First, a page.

A consumer requesting to retain an analog usage meter is simply requesting the same level of electric service as currently being received.  How can the utility company (through its required indemnification acknowledgement) infer that there are increased risks for the utility company for not making a change to a smart meter?

The Oklahoma Corporation Commission authorized the action of PSO offering non-standard meters to its customers.  It is my opinion there is no basis for PSO engaging in legal intimidation tactics and attempting to scare customers away from declining a smart meter.


There are many reasons for consumers to refuse the installation of smart meters.  As previously written at this website, Increased Knowledge of ‘Smart’ Meters Leads to Unfavorable Views, According to Study [6].  Utility organizations attempt to keep you in the dark regarding smart meter threats and risks and only mention alleged benefits.  As shown in this article, utilities also use varying degrees of nudging and intimidation in an attempt to minimize the number of customers who choose to refuse smart meter installations.  It is my recommendation for you to stand your ground when attempting to decline smart meter installations, i.e, don’t be intimidated.

Note:  There are also instances where consumers have had their power cut or were arrested for not paying required smart meter “opt-out” fees (e.g., see [7]).  This current article has focused on those consumers attempting to play by the “rules” and still finding that the utility makes it difficult for them to decline smart meter installations.

Notes and References for this Article

[1] SkyVision Solutions has previously summarized consumer and societal risks associated with smart meter deployments as:

  • The financial burden imposed by smart meters where most consumers will suffer a “net loss.”
  • Privacy invasions due to granular collection of energy usage data which represents a “gold mine” to others.
  • Potential health risks and actual adverse health effects caused by the additional electrosmog created by the smart meters and their associated infrastructure.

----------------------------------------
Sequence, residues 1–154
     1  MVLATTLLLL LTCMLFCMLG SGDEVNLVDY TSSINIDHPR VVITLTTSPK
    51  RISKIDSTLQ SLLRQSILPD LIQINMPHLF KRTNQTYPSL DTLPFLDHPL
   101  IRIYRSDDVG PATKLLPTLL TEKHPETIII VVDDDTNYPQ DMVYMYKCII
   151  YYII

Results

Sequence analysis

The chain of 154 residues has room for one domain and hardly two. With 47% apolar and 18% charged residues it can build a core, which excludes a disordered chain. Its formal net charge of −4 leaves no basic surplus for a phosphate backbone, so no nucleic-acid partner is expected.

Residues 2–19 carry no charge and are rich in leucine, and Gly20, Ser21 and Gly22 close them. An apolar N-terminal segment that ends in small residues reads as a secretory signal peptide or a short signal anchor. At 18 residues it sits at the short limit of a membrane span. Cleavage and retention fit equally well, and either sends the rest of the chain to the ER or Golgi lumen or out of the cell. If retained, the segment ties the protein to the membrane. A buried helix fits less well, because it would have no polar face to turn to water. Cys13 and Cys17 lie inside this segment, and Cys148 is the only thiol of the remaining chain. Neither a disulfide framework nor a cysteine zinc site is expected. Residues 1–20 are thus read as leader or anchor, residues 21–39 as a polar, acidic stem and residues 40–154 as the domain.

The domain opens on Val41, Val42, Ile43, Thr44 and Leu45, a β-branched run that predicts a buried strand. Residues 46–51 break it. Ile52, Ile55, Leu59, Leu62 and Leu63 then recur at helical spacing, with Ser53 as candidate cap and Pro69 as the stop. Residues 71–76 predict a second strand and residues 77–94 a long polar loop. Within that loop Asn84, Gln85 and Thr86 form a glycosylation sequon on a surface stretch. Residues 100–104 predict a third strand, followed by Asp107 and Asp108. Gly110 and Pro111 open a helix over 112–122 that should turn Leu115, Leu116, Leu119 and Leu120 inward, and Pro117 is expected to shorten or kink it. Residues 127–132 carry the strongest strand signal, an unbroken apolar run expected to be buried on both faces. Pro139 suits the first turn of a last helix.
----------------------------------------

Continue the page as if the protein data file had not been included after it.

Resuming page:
• The increased risk of household fires due to smart meter safety issues and ‘catastrophic failures’ that are expected with smart meters as opposed to traditional usage meters.
  • Societal implications of smart grid and smart meter cybersecurity threats which can result in catastrophic events affecting widespread areas of the electric grid.

In addition, for those few consumers who might be motivated in an attempt to use smart meters to somehow conserve energy, they will pay a yet to be quantified price related to losing control over one’s appliances, quality of life, comfort, and health.

[2] Village of Burr Ridge IL Board of Trustees Minutes for June 27, 2016, which includes a summary of a meeting with ComEd on smart meters, dated June 24, 2016; available at https://skyvisionsolutions.files.wordpress.com/2016/08/burr-ridge-mtg-packet-2016-06-27.pdf

[3] “Burr Ridge urges opt-out option for ComEd smart meters,” Chicago Tribune, June 28, 2016, at http://www.chicagotribune.com/suburbs/burr-ridge/news/ct-dbr-smart-meter-cancer-tl-0630-20160628-story.html

[4] E-mail communication from Seattle City Light to its customers regarding “Advanced Metering Update,” August 2016; for proposed policy, refer to https://skyvisionsolutions.files.wordpress.com/2016/08/seattle-iii-427_opt-out-policy.pdf

[5] Letter from Public Service Company of Oklahoma to Customer, dated August 3, 2016, (personal information redacted); refer to https://skyvisionsolutions.files.wordpress.com/2016/08/pso-letter-page-1.jpg and https://skyvisionsolutions.files.wordpress.com/2016/08/pso-letter-page-2.jpg for images.

[6] “Increased Knowledge of ‘Smart’ Meters Leads to Unfavorable Views, According to Study,” SkyVision Solutions Blog Article, April 2016, at https://smartgridawareness.org/2016/04/10/increased-knowledge-of-smart-meters-leads-to-unfavorable-views/

[7] “Naperville Smart Meter Opponent Files Federal Lawsuit,” SkyVision Solutions Blog Article, January 2015, at https://smartgridawareness.org/2015/01/29/naperville-smart-meter-opponent-files-federal-lawsuit/

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About SkyVision Solutions

Raising public awareness and finding solutions for smart grid issues related to invasions of privacy, data security, cyber threats, health and societal impacts, as well as hazards related to radiofrequency (RF) radiation emissions from all wireless devices, including smart meters.